Light, nutrients and the fatty acid composition of stream periphyton

Walter R. Hill, Jacques Rinchard, Sergiusz Czesny

Research output: Contribution to journalArticlepeer-review

Abstract

While the balance of light and nutrients is known to influence the food quality of herbivores by altering algal phosphorus and nitrogen content, the combined effects of light and nutrients on fatty acid synthesis in freshwater periphyton are relatively unknown. In this study, we manipulated light and phosphorus concentration in large, flow-through experimental streams to examine their effects on both elemental stoichiometry and fatty acid content in periphyton. Two levels of phosphorus (4 and 80μgL-1) and three of light (17, 40, 110μmolphotonsm-2s-1) were applied in a factorial design in two separate experiments. Diatoms dominated periphyton communities in both experiments, comprising >95% of algal biovolume. Periphyton growth in the streams was simultaneously affected by both resources, even at low rates of supply. Periphyton C/P and C/N ratios increased with light augmentation and decreased with phosphorus enrichment, and consistent with the light:nutrient hypothesis (LNH). Light effects were strongest in streams with low phosphorus concentrations. Periphyton fatty acids reflected the dominance of diatoms:palmitic (16:0), palmitoleic (16:1ω7) and eicosapentanoic (20:5ω3) were the principal saturated (SAFA), monounsaturated (MUFA) and polyunsaturated fatty acids (PUFA), respectively. Linoleic (18:2ω6) and linolenic (18:3ω3) acids, characteristic of chlorophytes and cyanophytes, were rare, comprising <2% of total fatty acids. Periphyton fatty acid profiles were highly sensitive to light and phosphorus. The proportion of fatty acids comprised by SAFA and MUFA increased with light augmentation and decreased with phosphorus enrichment, whereas PUFA decreased with light and increased with phosphorus. Light effects on fatty acid composition were strongest in phosphorus-poor streams. PUFA declined with increasing light/phosphorus ratios in the streams, whereas 'energy' fatty acids (16:0 and 16:1) increased. The ratio of SAFA/PUFA was strongly and positively correlated with C/P and C/N ratios. SAFA and MUFA, normalised to dry mass, increased two- to threefold with increasing light, while PUFA normalised to dry mass was not significantly affected by light. Similarities in the responses of fatty acids and elemental stoichiometry to light and phosphorus treatments suggested that they were influenced by a common mechanism. Both components of food quality appeared to be sensitive to light-regulated rates of carbon fixation which, when coupled with insufficient supplies of phosphorus, caused diatom cells to store surplus carbon in SAFA, MUFA and other carbon-rich compounds that diluted both essential fatty acids and mineral nutrients.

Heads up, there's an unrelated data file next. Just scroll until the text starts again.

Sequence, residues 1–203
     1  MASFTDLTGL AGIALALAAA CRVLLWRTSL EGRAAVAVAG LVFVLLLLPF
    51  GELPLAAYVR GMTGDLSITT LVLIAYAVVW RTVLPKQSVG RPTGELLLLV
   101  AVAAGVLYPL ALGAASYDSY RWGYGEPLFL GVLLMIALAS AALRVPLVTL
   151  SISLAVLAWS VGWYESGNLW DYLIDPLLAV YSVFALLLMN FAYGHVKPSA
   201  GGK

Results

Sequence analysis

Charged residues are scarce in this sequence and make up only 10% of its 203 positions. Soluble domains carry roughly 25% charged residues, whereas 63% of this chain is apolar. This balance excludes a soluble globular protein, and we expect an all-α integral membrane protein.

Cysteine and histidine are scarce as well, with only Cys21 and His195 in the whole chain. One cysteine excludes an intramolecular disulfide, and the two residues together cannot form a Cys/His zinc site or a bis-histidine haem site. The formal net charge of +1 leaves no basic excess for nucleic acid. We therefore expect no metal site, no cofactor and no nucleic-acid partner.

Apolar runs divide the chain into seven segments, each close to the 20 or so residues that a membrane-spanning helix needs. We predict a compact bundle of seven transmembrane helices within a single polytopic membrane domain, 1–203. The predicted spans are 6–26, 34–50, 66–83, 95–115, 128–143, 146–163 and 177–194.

Original languageEnglish (US)
Pages (from-to)1825-1836
Number of pages12
JournalFreshwater Biology
Volume56
Issue number9
DOIs
StatePublished - Sep 2011

Keywords

  • Fatty acids
  • Light
  • Nutrients
  • Periphyton
  • Stream

ASJC Scopus subject areas

  • Aquatic Science

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